The demand for industrial real estate in San Diego is still running high. This demand has many of our clients asking us about the sustainability of the run-up in property values that has sent pricing far above the previous cyclical peak back in 2007.
Potential third-party investors and would-be owner/users are wondering, “Is it still a good time to get into the market?” The answer depends on several variables.
Let’s take a look at a few of them to shed some light on what might be best for you in the long run.
What to Consider Before Investing in Commercial Real Estate
First, the veracity of any investment can only be determined by comparing it to the alternatives available in the same time frame.
If the yield on a ‘no-risk’ 10-year U.S. treasury bill (T-bill) is 2.8%, as it is today, it makes little sense to invest in real estate that returns just 3%, but carries with it considerable risk.
The spread or ‘premium’ over that theoretically riskless asset is what determines the price investors will pay for any particular asset. That premium is subjective and each investor must assess his or her appetite for risk.
Cap rates are still at historic lows, while the 10-year Treasury yield has more than doubled since last October 2021. That puts pressure on cap rates to rise to maintain a spread that reflects the level of risk of real estate ownership.
An increase in the cap rate causes a corresponding decrease in price. So far, low vacancy in the industrial sector has kept demand from investors strong enough to fend off a rise in cap rates.
However, that could change—especially if the Fed’s response to the spike in inflation slows the economy more than desired.
When it comes to investing in income-producing commercial real estate, you must decide what your risk premium must be before you become a buyer.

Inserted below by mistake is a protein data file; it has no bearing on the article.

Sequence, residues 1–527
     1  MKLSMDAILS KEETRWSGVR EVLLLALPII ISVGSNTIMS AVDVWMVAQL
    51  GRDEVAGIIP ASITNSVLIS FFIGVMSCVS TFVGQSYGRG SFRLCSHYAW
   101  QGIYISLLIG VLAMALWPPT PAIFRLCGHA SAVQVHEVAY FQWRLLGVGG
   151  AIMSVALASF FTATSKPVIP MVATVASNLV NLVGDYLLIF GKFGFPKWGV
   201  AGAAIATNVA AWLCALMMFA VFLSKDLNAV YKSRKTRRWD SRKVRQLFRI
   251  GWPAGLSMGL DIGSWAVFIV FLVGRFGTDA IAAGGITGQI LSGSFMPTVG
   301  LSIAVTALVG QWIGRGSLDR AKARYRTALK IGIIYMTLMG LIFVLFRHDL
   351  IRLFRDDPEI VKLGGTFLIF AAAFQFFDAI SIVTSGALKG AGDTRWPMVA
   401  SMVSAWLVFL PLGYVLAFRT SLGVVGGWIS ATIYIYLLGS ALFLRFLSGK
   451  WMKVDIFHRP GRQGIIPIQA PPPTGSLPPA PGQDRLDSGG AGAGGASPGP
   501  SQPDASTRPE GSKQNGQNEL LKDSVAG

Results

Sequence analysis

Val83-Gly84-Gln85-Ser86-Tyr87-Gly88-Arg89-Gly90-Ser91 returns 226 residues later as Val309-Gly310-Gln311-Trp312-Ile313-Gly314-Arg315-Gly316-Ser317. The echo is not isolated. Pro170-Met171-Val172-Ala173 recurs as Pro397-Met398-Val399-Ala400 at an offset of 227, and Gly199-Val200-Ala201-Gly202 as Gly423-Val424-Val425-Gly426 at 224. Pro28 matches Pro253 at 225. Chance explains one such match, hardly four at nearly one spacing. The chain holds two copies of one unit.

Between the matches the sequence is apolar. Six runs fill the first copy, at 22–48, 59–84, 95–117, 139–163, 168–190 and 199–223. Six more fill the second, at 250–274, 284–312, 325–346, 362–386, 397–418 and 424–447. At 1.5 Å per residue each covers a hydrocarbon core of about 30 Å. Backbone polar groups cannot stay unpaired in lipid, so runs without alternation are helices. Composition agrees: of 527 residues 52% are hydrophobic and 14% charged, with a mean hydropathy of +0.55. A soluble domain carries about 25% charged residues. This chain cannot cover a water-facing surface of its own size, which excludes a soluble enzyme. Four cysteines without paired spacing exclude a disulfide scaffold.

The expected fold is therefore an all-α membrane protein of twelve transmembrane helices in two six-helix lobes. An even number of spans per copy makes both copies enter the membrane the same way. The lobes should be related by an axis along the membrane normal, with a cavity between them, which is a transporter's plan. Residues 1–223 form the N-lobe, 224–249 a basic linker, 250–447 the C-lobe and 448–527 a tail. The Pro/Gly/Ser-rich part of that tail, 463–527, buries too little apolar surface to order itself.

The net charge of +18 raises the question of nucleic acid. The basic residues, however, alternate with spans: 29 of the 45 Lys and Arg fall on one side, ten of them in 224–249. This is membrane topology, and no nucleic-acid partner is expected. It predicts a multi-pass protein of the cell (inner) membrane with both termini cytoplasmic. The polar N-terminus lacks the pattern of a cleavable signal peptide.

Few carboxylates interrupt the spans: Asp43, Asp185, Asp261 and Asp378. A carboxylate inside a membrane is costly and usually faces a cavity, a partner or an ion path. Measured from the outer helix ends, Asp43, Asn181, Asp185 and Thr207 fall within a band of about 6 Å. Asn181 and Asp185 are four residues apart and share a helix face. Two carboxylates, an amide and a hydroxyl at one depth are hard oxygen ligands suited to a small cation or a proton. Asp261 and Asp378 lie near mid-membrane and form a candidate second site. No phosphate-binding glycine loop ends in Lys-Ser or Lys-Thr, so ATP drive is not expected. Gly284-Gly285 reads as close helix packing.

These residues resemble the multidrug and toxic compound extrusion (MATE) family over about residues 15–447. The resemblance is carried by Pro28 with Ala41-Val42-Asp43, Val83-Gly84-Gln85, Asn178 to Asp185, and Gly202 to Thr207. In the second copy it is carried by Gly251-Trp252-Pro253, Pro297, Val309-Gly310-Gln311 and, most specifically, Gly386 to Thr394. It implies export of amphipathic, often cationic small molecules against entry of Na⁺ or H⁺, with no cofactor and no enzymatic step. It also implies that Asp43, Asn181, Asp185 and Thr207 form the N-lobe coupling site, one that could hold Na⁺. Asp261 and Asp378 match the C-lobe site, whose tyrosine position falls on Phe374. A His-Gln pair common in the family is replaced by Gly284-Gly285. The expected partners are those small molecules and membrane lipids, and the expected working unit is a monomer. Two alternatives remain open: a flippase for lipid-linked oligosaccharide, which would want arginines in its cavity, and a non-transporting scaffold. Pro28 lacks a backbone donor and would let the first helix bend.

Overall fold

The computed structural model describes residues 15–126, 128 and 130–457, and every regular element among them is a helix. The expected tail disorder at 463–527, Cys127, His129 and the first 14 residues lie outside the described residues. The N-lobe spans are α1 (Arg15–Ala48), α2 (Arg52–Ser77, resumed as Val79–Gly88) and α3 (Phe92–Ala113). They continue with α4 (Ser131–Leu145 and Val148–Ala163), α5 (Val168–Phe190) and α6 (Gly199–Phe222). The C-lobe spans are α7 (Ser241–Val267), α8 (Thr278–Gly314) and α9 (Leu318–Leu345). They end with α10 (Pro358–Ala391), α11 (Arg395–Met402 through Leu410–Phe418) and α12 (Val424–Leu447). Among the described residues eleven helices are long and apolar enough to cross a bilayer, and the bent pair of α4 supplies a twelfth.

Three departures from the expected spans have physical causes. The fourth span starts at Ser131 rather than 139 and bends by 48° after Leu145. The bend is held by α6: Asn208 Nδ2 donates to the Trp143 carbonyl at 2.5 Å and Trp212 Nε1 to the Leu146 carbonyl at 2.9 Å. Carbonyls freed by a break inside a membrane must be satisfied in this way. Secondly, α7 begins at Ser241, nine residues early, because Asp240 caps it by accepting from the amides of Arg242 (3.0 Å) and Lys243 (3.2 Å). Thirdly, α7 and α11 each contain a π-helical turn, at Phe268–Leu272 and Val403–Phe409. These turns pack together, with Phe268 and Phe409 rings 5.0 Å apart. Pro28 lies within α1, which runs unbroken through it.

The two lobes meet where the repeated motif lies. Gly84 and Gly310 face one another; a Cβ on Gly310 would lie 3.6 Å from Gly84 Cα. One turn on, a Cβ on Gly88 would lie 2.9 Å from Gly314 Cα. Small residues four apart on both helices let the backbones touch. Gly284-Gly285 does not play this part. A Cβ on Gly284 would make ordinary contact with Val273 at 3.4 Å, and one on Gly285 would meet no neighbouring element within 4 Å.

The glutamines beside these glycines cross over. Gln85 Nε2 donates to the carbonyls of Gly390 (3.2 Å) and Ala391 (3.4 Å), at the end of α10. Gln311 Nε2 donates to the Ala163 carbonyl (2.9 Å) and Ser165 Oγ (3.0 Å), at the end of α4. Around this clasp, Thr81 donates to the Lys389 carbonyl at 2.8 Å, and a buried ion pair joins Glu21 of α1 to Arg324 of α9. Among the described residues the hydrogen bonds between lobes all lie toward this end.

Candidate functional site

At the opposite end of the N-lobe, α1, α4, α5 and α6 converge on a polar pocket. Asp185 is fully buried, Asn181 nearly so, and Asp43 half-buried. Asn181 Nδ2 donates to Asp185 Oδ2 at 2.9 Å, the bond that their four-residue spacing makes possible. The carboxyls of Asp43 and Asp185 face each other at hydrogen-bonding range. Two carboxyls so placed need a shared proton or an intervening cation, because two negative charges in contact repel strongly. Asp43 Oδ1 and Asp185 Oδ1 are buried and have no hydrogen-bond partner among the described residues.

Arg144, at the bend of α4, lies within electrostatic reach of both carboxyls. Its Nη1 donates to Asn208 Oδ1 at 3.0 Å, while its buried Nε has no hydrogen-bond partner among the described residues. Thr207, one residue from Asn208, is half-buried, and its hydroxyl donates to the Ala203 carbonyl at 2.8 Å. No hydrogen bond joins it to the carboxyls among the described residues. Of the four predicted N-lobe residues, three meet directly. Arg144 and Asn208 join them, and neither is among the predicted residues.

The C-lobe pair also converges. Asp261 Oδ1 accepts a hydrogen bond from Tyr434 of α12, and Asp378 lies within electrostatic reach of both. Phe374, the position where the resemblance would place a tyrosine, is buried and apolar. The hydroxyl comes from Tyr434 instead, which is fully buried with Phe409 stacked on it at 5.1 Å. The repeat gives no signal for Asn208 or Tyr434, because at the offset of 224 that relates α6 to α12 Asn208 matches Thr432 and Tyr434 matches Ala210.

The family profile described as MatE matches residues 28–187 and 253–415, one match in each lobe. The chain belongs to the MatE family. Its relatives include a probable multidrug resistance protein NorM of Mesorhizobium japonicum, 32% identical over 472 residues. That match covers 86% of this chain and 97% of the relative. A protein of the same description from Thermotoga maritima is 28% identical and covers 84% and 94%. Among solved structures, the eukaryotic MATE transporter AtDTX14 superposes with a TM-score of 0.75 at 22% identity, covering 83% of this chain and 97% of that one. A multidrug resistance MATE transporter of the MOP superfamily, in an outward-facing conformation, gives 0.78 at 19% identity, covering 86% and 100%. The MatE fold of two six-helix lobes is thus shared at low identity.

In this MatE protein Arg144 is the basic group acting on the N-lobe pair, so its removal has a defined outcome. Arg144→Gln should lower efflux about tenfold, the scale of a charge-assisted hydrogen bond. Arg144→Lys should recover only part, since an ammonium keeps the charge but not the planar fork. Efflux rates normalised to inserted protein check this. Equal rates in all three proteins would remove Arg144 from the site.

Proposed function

For the most aggressive owner/user buyers, the risk of a price bubble is offset by historically low mortgage rates.
Fixed-rate mortgages effectively control occupancy costs for up to 25 years, mitigating the risk of a price correction for business owners who believe they can use the same facility for five to 10 years.
That long-term perspective emboldens them to pay a record price for a building that suits their needs. However, the recent spike in mortgage rates from the mid-3% range to the mid-5% range has begun to dampen demand from some owner/user buyers.
Since the rate hikes are recent, it is too early to tell just how much current demand goes away in the coming months.
Everyone’s Circumstances Are Different
For some, things have gotten just a bit too scary, and they opt for the flexibility that comes with leasing.
They are either:
- More risk-averse, or
- They see the potential risk of being stuck in a building during a market correction that does not suit rapidly changing space needs
The point is: Every business owner must develop a unique risk profile that is based on more than the fact that the real estate market happens to be on a roll.
Rather, it has to be built on multiple variables specific to each owner’s unique circumstances, in addition to real estate market conditions.
Finding Quality Commercial Real Estate
Right now, whether you are looking to buy or lease the next home for your industrial business, it is difficult to find quality space. The vacancy rate in San Diego has fallen to just 2.1% and it is still trending lower.
The lack of new development only compounds the problem, and that allows landlords to negotiate longer-term leases with higher annual rent increases.
Thus, more tenants are looking to buy, as the flexibility associated with leasing is compromised by being forced to lease for a longer-term. Also, lease rates have risen along with sales prices, so business owners are stuck with higher occupancy costs whether they buy or lease.
Like every other business owner, you will be facing a real estate decision in the not-so-distant future.
- Which way will you go?
- What will you have to choose from when the time comes?
- How much will it cost?
- Most importantly, what can you do now to prepare yourself to choose wisely?
For those who are interested in learning more about our team of client advisors, read on in our article “What’s the Difference Between a Broker and a Client Advisor?”